And, of course, all of this has made no impact on Germany’s willingness to rely heavily on Huawei technology for its own communications networks. Angela Merkel began this problematic policy, but it was repudiated by the German legislature; Scholz has refused to follow through on the legislative wishes and has doubled down on Huawei. German telecom companies have succeeded in pushing the Scholz government to allow more Huawei tech in its networks, and they have happily obliged. According to industry estimates, Huawei will control nearly 60% of the critical back-end systems which operate the German 5G network; that percentage rises to 100% when discussing the network in Berlin, Germany’s capital. Why does this matter? Well, it allows Huawei – a company already credibly linked to espionage and malign activities on behalf of the CCP – unfettered access to the communications of all Germans who use the 5G network. That includes government officials (recall that 100% of the network in Berlin relies on Huawei components), business leaders, and even foreign diplomats who use Germany’s network. Not only could China have access to these internal communications, they could disrupt, destroy, or alter communications as they see fit. Giving a hostile foreign power the ability to completely shut down your internal communication network is a terrible idea. Yet it fits perfectly within Scholz’s Ostpolitik paradigm.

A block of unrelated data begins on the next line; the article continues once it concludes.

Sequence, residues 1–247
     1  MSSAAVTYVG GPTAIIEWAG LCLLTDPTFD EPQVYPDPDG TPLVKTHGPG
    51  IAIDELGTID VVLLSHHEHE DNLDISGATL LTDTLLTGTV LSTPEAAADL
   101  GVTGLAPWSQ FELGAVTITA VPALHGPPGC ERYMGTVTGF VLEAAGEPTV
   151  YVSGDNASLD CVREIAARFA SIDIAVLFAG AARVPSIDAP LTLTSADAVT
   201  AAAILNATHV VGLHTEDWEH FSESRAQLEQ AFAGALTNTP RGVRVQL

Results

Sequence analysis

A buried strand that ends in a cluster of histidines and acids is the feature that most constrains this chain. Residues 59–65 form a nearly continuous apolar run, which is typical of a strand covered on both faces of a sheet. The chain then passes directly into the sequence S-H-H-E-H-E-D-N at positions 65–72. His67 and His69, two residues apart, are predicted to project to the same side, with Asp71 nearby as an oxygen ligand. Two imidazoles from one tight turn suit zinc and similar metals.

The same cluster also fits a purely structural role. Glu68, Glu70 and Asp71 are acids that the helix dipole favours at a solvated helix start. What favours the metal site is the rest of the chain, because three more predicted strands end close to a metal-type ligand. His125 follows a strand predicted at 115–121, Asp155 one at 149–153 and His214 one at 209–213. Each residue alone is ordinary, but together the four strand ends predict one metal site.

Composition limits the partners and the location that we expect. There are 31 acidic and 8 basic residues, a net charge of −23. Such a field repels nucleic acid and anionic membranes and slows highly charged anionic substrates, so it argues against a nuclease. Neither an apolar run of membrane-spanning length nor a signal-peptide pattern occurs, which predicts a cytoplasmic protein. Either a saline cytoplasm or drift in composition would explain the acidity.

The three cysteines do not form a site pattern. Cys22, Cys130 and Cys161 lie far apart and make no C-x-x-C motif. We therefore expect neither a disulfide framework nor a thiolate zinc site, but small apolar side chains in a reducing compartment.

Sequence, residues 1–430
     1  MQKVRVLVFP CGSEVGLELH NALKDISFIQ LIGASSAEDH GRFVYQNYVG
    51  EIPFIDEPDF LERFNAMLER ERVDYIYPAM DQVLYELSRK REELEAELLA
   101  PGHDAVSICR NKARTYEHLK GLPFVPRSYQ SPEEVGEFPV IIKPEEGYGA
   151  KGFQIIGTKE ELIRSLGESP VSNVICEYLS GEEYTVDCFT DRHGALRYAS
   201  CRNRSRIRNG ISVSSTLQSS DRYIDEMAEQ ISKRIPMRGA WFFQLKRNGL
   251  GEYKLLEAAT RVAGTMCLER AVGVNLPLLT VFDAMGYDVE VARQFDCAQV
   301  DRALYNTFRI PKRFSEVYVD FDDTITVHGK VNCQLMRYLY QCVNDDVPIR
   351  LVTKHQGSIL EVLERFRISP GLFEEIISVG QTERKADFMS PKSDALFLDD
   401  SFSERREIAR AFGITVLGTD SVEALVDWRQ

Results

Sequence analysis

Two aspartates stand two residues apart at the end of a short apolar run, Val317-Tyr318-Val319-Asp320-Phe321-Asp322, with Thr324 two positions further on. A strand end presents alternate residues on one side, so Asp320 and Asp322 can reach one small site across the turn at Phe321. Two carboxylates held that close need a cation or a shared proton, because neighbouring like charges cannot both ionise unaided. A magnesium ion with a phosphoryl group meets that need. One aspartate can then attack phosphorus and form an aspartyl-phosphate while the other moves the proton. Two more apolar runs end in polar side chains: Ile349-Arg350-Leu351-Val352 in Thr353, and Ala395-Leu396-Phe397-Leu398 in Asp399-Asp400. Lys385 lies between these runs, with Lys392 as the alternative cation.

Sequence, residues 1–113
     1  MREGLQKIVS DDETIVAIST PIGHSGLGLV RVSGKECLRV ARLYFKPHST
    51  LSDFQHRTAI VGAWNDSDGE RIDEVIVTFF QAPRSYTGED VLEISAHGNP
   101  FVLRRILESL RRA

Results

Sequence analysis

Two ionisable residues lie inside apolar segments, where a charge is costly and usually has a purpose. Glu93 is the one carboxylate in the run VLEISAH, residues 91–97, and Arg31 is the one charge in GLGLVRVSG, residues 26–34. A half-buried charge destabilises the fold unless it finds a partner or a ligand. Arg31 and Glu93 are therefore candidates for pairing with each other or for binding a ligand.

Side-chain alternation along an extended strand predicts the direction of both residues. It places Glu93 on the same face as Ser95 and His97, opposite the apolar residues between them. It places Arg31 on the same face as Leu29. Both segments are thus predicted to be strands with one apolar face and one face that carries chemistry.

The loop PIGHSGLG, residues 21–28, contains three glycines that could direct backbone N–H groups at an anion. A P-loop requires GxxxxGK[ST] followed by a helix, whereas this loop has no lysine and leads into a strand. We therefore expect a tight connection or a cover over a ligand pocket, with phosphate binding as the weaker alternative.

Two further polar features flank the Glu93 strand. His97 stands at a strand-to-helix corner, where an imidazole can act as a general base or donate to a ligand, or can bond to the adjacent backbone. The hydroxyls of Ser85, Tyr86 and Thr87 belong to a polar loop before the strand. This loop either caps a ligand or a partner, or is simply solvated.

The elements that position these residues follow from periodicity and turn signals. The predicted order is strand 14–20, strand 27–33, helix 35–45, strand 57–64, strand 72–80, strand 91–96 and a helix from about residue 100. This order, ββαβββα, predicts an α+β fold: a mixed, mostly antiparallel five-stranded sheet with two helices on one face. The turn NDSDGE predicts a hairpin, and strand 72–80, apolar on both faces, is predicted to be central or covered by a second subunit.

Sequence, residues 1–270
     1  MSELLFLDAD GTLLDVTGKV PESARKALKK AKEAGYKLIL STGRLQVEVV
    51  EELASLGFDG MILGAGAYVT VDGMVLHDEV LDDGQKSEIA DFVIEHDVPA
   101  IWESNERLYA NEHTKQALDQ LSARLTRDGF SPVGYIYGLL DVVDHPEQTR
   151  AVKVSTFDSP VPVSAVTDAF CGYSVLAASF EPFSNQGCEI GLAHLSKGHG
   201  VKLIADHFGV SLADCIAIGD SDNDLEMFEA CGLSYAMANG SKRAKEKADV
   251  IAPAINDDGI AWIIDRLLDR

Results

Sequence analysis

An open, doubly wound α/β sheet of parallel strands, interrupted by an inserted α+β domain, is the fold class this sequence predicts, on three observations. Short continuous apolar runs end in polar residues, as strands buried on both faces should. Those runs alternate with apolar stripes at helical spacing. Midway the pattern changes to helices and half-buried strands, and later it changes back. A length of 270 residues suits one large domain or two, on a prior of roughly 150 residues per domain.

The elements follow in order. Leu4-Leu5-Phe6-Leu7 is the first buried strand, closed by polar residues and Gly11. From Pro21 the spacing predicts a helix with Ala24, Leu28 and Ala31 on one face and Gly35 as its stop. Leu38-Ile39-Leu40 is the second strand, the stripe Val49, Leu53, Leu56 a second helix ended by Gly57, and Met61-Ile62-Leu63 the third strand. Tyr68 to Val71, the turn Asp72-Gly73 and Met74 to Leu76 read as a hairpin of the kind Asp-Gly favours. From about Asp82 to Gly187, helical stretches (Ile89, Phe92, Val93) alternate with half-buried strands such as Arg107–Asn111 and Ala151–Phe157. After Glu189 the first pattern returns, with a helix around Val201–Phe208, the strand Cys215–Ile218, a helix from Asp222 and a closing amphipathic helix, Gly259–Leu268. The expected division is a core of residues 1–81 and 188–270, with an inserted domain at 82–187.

Despite the abhorrent and idiotic policy of the Scholz regime, all is not lost in Germany. Ostpolitik, even with the promotion of the Scholz government, is not Germany’s inevitable destiny. There are several important politicians and intellectuals who refuse to accede to this flawed dream of world amity driven by nostalgia for the past. One such politician is the (yes, I’m shocked too) Green Party’s Annalena Baerbock, Germany’s Foreign Minister. She has been outwardly hostile to China, has argued against Scholz’s policy of conciliation and partnership, and has supported stronger measures against the CCP. She has urged the adoption of a much harsher China policy, even going so far as to (likely) leak it to favorable press outlets. The China strategy which she has proposed is much more in line with that of the US, and is clear-eyed about the threat emanating from Beijing. But this policy is only as good as Scholz and his allies allow it to be – after all, he is still the decision-maker in Berlin. We will see if Ostpolitik is the word of the day in Germany over the coming months, and the struggle between Baerbock and Scholz will be fascinating to watch. Anyone who cares about the China challenge in the 21st century should follow this closely and hope for the triumph of reason over appeasement. If not, Germany may be in serious need of a Zeitenwende of its own.